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They're Back! Chesapeake Oysters Return To Menus After Rebound

The Chesapeake Bay once supplied most of the nation's oysters, but overharvesting and disease nearly wiped them out. Now, major public-private efforts to re-establish the oyster as a quality local food product appear to be working. And chefs say the results are sweeter than oysters from other waters.

One Man. One Cat. Multiplied

I'm thinking of a man and his cat. A real man. His real cat. Then I'm imagining a bunch of world-famous cartoonists, Calvin & Hobbes' Bill Watterson, Wile E. Coyote's Chuck Jones, Gary Larson, Maurice Sendak — all of them drawing this same man and his cat. Then I'm staring at very different men and very different cats. Then I'm giggling.

Do Crossword Puzzles Really Stave Off Dementia?

On Dec. 21, 100 years ago, a paper in New York published the first crossword. It quickly became known as a game for the intelligent — even helping Britain recruit code-breakers during WWII. But there isn't much evidence that this brainy game can help stave off dementia.

This Stanford Ph.D. Became A Fruit Picker To Feed California's Hungry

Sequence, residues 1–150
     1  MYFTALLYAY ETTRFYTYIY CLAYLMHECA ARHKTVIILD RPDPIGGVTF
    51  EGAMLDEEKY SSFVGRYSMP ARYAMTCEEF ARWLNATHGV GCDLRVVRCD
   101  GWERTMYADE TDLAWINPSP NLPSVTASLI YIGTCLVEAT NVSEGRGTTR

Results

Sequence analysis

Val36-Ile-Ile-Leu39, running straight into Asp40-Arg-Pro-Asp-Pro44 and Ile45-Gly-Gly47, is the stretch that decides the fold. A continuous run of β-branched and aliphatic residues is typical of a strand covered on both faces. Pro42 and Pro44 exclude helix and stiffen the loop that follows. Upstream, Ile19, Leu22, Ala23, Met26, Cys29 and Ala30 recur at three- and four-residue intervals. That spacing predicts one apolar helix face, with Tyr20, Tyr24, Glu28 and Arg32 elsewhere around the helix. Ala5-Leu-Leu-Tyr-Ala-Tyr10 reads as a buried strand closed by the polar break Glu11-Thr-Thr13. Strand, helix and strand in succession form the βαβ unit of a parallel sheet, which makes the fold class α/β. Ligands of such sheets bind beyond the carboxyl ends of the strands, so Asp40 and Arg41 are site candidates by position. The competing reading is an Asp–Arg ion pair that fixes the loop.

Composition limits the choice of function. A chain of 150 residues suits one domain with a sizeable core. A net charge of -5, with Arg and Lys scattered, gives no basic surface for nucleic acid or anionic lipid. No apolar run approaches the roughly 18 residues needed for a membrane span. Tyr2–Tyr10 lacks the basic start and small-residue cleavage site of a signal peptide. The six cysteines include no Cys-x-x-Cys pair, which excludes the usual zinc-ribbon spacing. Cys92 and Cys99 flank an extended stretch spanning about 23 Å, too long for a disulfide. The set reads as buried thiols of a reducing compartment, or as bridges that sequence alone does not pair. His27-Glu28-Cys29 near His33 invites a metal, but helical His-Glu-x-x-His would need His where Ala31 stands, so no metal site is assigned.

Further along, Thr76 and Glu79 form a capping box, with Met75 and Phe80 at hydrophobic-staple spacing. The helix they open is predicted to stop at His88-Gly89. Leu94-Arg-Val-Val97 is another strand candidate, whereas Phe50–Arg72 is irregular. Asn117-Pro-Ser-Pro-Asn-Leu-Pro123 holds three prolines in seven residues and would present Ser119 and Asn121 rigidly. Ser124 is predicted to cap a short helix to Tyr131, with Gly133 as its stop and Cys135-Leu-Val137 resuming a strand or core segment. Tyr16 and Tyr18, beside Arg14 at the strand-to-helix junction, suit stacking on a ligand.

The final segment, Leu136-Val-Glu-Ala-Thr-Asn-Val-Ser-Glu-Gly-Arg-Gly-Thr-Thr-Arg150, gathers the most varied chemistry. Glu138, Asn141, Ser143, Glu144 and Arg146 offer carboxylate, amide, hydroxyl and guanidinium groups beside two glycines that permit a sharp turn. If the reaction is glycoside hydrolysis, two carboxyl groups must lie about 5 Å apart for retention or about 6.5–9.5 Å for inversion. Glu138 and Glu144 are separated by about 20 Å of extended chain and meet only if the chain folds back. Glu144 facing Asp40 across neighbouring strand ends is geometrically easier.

Sarah Ramirez left a high-prestige career to bring California's bounty of unsellable fruit to food banks in the state's Central Valley. Her grassroots organization is trying to address a regional conundrum: While many area farms end up with imperfect fruit that can't be sold to supermarkets, local farmworkers struggle to afford fresh produce.

Mixing It Up 50,000 Years Ago — Who Slept With Whom?

The DNA from a 50,000-year-old Neanderthal bone found in a cave in Siberia is more evidence that genetic mixing took place among Neanderthals and other hominid groups. One researcher hopes to use such evidence to help compile a catalog of the genetic changes that make modern humans unique.

Study: Cats May Have First Cuddled Up With People 5,300 Years Ago

Dogs may be man's best friend, but new research shows that cats may have been humanity's companions for thousands of years. For more on the feline's long history with people, Audie Cornish talks with Dr. Fiona Marshall, an archaeologist at Washington University in St. Louis, and co-author of a study that looks at how cats may have been domesticated almost 5,300 years ago in China.

The Man Who Duped Millionaires Into Paying Big Bucks For Fake Wine

Rudy Kurniawan, once considered one of the world's most formidable wine collectors, was convicted Wednesday of making cheap wine blends in his house and then passing them off as some of the rarest wines in the world, for thousands of dollars each, at auction.

New Research Affirms That Milky Way Has Four Spiral Arms

A study in the U.K. reaffirms a view of our galaxy held in the 1950s that was later challenged by images from the Spitzer Space Telescope.

NASA Orders Spacewalks To Fix Faulty Pump On Orbiting Station

The spacewalks are to repair a bad valve in a pump that has caused problems with the station's cooling system.
WAMU 88.5

Understanding Your Taste Buds (Rebroadcast)

Do you like salty or sweet? The answer is in your genes. We explore the science -- physical and culinary -- behind our sense of taste and why each of us prefers different flavors.